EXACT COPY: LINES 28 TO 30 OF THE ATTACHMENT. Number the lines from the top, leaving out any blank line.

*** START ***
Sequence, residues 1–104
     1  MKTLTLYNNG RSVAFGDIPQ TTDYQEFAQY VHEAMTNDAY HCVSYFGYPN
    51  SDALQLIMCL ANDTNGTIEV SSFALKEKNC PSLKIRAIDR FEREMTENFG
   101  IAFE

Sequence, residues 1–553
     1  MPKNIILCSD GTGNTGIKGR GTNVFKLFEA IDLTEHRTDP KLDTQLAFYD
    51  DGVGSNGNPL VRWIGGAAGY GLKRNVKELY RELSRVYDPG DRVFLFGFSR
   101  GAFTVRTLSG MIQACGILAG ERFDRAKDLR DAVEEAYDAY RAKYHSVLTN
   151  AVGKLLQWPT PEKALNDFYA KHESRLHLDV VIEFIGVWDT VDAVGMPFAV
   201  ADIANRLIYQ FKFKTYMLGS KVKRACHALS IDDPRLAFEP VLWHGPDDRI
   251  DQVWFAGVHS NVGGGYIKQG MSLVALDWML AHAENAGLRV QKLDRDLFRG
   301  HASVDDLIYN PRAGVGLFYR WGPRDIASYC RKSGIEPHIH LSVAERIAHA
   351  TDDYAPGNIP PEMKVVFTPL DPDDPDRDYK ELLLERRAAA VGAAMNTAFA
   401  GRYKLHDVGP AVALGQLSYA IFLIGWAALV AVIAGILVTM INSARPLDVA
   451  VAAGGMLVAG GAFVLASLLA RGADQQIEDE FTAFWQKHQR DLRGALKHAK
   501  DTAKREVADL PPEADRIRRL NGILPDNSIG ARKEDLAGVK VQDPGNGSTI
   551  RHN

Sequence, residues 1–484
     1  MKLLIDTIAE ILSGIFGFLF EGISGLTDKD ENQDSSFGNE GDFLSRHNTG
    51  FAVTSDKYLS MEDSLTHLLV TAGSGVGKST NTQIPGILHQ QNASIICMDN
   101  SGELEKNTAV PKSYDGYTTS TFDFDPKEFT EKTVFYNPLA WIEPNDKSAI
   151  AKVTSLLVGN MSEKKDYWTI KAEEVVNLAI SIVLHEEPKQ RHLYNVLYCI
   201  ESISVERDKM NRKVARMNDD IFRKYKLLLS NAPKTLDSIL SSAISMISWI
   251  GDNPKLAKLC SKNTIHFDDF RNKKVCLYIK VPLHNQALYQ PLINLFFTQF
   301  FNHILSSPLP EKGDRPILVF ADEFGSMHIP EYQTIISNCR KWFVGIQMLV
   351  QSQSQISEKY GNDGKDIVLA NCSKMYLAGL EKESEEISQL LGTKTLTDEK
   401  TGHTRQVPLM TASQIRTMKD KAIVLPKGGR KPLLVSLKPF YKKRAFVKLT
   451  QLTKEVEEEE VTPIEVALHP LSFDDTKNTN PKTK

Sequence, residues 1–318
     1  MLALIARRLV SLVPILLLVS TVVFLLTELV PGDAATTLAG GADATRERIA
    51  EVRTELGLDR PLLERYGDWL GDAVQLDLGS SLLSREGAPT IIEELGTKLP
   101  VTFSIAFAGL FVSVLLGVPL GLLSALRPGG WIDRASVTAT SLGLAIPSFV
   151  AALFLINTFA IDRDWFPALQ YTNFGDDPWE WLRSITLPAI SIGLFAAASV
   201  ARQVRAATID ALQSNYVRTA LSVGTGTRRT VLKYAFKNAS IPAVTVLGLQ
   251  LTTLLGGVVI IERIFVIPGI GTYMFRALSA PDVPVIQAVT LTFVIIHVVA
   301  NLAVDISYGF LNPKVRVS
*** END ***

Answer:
   451  QLTKEVEEEE VTPIEVALHP LSFDDTKNTN PKTK

Sequence, residues 1–318
     1  MLALIARRLV SLVPILLLVS TVVFLLTELV PGDAATTLAG GADATRERIA